Weeks before Christmas, the Advent wreath is fully lit at the front of the church. Each white pillar candle burns brightly as the Advent procession begins. A moment later, a woman extinguishes one of the flickering flames with a long, official-looking candle snuffer. Hmm, this is not how it’s supposed to go, I ponder silently. Having grown up in nondenominational evangelical churches, I’m still getting used to these liturgical moments, but even so, I’ve been a Christian long enough to know that the Advent wreath traditionally starts unlit. Then, each Sunday during the season of Advent leading up to Christmas, the candles are successively illuminated. Clearly, we are doing things differently this year.
The dimming of the Advent wreath sets the stage for Advent reimagined — the beauty of darkness revealed; the mystery of darkness embraced. My appreciation for this nontraditional approach grows as I realize the extent to which the “darkness” metaphor has been used with solely negative connotations — especially by the church. Barbara Brown Taylor points out, “Christianity has never had anything nice to say about darkness.” Rather, she continues, “darkness [is used] as a synonym for sin, ignorance, spiritual blindness and death.”
Yet it is often darkness that facilitates the most magical of moments.
The dimming of the Advent wreath also reminded me of civil rights activist Valarie Kaur’s poignant question: “What if this darkness is not the darkness of the tomb, but the darkness of the womb?” “Remember the wisdom of the midwife: ‘Breathe,’” she says.
“Breathe,” my therapist echoed on Friday as my tears flowed freely. Despite my usual defenses, something clicked in the moment and I confessed, “I feel terrible!” I’d been feeling terrible in that carrying-the-weight-of-the-world sense and had begun internalizing many of the never-ending layers of the world is not as it should be, especially while working in the medial field and carrying the weight and responsibility of patients on my shoulders. I want to be a healer. I want to do my part to make the world a little bit more as it should be. Despite our best efforts, still the world is not as it should be. Before long, the heaviness of this seeped inside me.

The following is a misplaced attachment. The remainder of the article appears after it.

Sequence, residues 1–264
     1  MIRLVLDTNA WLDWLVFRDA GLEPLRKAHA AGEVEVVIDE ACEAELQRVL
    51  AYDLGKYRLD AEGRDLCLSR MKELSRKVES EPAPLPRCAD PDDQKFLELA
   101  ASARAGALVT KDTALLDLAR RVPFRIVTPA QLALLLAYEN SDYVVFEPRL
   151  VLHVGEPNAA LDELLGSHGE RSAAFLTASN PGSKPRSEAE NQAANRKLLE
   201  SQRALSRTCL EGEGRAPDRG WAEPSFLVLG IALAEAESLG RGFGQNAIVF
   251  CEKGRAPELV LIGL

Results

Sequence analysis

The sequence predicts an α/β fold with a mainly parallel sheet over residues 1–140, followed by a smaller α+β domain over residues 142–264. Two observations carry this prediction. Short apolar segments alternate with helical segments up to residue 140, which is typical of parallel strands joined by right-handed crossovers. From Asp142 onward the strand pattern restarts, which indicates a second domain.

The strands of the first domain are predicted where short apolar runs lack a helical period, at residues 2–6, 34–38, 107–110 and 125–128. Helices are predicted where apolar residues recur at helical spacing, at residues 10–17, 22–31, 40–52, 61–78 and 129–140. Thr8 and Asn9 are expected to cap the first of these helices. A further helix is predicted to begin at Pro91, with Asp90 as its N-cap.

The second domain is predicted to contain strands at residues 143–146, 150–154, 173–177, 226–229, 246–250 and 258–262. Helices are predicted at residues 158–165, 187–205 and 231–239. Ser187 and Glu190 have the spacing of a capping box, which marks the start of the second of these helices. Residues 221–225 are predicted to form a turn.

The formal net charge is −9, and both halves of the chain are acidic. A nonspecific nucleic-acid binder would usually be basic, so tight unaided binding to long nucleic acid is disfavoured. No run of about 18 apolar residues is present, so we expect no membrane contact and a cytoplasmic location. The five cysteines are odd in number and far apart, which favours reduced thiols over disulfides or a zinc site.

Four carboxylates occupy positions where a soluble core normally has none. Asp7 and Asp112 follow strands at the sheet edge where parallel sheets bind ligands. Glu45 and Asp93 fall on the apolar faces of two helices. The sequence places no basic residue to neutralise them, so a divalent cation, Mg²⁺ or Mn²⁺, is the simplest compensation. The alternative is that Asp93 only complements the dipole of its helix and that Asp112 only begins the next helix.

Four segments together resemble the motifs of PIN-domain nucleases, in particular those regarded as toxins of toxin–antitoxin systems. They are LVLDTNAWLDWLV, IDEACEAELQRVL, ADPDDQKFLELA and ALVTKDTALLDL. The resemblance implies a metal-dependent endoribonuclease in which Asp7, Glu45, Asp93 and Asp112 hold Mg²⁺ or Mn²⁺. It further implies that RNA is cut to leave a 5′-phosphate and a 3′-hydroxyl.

Since it doesn’t take much to start feeling completely overwhelmed and disillusioned again, I keep returning to a question a friend of mine once posed: “Which corner of the garden is mine to tend?” We each have a role to play, and all we can do is our part. We are each tending our own corners of the garden.
Krista Tippett writes about the Jewish concept of Tikkun Olam, sharing insights she gained from her interview with Dr. Rachel Naomi Remen. The phrase literally means, “repair of the world,” and it is both an invitation and an expectation; it is both a personal responsibility and a collective act to participate in the healing of the world. Tippett adds, “each one of us, flawed and inadequate as we may feel, has exactly what’s needed to help repair the part of the world that we can see and touch.”
In the darkness of the womb, the future is waiting to be born. And yes, sometimes we’ll feel terrible, but this Advent, may we have ears to hear the midwife as she compassionately reminds us to breathe.